An ethical evaluation helps AI-intensive companies conceptualize their work on the human level, as opposed to the technological, financial, and legal. Because the AI medical device we were investigating generated predictions of limited certainty, and only about the probability of impending coronary issues, there arose technologically embedded statistical questions. There were also financial concerns about how the predictive uncertainty could affect sales, and legal liability worries surrounded the possibility of misdiagnosis. As distinct from those sorts of difficulties, our evaluation initiated with ethical values and proceeded to their application. Departing from the value of human autonomy, one question we asked was: Does the diagnosis increase, or actually patients’ ability to direct their own lives? If the machine reports the possibility – not the certainty – of imminent problems, it may turn out that it is the diagnosis more than the disease that ultimately limits a patient’s vigorous activity.

 

There is no perfect solution to this problem of imperfect information, but there is a difference between obliviousness to the dilemma and engaging it in clear, precise language. More than any solution, engagement is the goal of an AI ethics evaluation, which means illumination of what is at stake in terms of lived human experience.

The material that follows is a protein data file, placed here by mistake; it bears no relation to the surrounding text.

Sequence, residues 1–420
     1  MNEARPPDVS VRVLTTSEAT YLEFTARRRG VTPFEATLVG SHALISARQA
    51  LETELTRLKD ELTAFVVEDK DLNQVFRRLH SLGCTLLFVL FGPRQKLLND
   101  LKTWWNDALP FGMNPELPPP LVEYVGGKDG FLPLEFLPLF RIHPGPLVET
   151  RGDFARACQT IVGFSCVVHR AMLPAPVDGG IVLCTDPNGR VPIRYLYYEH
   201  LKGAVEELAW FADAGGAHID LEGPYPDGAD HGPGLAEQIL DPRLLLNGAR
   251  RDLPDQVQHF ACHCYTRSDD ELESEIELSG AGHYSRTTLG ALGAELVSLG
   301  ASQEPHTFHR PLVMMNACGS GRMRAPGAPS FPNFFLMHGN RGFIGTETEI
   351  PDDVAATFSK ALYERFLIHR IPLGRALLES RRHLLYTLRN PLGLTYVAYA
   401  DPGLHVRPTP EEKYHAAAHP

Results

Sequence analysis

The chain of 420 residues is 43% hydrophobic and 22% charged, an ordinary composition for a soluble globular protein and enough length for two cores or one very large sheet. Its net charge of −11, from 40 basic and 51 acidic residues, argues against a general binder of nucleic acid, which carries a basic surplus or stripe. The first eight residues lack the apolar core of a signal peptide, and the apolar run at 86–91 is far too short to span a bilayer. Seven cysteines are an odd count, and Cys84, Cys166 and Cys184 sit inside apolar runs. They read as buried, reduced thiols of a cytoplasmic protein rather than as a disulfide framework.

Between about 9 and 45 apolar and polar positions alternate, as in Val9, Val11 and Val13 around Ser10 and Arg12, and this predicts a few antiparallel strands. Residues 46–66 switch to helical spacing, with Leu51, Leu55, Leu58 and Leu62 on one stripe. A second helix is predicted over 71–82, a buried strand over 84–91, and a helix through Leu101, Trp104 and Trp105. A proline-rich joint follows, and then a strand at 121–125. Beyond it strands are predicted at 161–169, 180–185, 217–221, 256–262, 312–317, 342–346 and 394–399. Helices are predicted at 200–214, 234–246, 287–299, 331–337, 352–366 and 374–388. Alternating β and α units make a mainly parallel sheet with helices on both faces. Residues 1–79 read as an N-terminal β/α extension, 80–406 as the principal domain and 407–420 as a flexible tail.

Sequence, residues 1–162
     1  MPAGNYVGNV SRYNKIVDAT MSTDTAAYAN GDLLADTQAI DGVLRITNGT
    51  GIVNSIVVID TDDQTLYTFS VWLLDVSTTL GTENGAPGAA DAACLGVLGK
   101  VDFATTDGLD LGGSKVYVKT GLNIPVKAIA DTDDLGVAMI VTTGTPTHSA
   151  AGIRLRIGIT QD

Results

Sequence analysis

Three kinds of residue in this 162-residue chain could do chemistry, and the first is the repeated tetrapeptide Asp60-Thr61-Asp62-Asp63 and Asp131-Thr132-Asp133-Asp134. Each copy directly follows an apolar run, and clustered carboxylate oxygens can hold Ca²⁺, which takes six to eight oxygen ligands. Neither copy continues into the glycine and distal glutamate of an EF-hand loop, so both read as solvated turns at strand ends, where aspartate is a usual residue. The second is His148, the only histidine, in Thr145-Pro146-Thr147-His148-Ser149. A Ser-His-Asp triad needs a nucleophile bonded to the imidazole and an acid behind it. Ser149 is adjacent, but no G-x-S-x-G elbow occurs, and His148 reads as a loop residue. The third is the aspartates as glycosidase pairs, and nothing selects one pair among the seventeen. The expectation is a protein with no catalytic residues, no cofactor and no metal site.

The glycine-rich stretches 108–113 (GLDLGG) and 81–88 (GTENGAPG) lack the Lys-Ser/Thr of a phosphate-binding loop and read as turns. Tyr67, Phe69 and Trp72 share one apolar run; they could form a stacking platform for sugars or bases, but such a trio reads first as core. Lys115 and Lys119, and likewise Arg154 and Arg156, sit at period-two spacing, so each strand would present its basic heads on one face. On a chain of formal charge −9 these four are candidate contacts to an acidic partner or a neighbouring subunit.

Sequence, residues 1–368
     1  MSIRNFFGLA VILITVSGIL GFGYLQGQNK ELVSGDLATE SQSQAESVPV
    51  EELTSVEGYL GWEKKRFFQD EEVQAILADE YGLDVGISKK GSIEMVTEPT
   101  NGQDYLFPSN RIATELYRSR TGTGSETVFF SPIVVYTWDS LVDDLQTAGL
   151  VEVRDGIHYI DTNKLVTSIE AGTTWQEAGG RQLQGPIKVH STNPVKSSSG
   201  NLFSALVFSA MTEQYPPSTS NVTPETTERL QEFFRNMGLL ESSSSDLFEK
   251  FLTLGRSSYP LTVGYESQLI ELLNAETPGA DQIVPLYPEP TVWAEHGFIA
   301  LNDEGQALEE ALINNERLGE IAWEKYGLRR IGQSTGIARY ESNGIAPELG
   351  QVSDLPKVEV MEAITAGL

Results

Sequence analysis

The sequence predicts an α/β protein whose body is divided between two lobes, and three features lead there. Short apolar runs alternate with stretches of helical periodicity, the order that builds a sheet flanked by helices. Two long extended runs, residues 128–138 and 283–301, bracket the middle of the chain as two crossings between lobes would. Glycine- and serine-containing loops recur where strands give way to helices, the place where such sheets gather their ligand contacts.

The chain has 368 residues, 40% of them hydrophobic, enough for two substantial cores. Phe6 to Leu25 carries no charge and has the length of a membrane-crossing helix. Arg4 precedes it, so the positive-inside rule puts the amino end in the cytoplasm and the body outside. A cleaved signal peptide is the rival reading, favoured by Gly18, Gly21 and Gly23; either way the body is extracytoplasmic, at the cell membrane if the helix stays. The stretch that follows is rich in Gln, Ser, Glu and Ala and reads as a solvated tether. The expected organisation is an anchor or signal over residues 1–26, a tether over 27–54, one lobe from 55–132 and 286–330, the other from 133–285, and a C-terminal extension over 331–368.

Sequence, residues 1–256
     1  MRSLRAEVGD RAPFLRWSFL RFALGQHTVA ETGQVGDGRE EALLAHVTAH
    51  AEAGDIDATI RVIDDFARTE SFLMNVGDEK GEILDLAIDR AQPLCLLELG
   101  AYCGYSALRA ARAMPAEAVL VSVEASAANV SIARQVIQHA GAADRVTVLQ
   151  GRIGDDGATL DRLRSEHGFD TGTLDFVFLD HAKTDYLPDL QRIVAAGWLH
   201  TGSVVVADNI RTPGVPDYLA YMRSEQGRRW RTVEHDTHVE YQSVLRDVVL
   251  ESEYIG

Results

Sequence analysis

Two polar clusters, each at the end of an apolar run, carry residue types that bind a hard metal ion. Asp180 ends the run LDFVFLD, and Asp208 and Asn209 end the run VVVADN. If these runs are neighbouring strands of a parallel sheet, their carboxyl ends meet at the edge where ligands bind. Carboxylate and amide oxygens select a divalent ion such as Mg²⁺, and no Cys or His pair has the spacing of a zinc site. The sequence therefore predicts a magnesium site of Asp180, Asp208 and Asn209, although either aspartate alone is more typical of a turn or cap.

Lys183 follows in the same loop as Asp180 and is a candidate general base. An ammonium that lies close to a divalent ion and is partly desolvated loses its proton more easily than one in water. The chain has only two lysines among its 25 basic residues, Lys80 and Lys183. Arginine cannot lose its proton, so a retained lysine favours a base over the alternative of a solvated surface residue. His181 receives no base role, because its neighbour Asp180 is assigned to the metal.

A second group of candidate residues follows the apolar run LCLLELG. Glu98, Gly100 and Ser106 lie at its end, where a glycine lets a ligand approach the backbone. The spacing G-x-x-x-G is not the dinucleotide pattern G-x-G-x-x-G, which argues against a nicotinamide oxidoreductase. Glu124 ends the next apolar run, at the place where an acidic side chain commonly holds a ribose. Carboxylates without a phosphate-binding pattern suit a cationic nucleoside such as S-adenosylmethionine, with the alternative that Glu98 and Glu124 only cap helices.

3.0 Assemble a harmonious team

Our team included philosophers, AI engineers, and domain experts which, in this case, meant medical doctors. We consistently had several of each as we worked, and a total of eight to twelve functioned well for online meetings. The device belonged to a German company, and the team was composed overwhelmingly of northern Europeans, with an emphasis on Frankfurt.

 

Our project proved demandingly theoretical in two senses: the transacted concepts were sophisticated and specialized, and working together required exchanging them across the humanistic and scientific sides of knowledge. So, besides having people from the required backgrounds and in the right numbers, our team’s congealing depended on members embracing interdisciplinarity and wielding significant cognitive power.

One obtrusive question about participants: Should the evaluated company provide a team member? In our case, the study was wholly independent, which protected against conflicts of interest. But, implicit in the independence is a judgement that our understanding of the technical AI and medical patient experience was sufficient to proceed without recourse to an internal company expert. Different circumstances may lead to a rebalancing of the independence versus expertise tradeoff.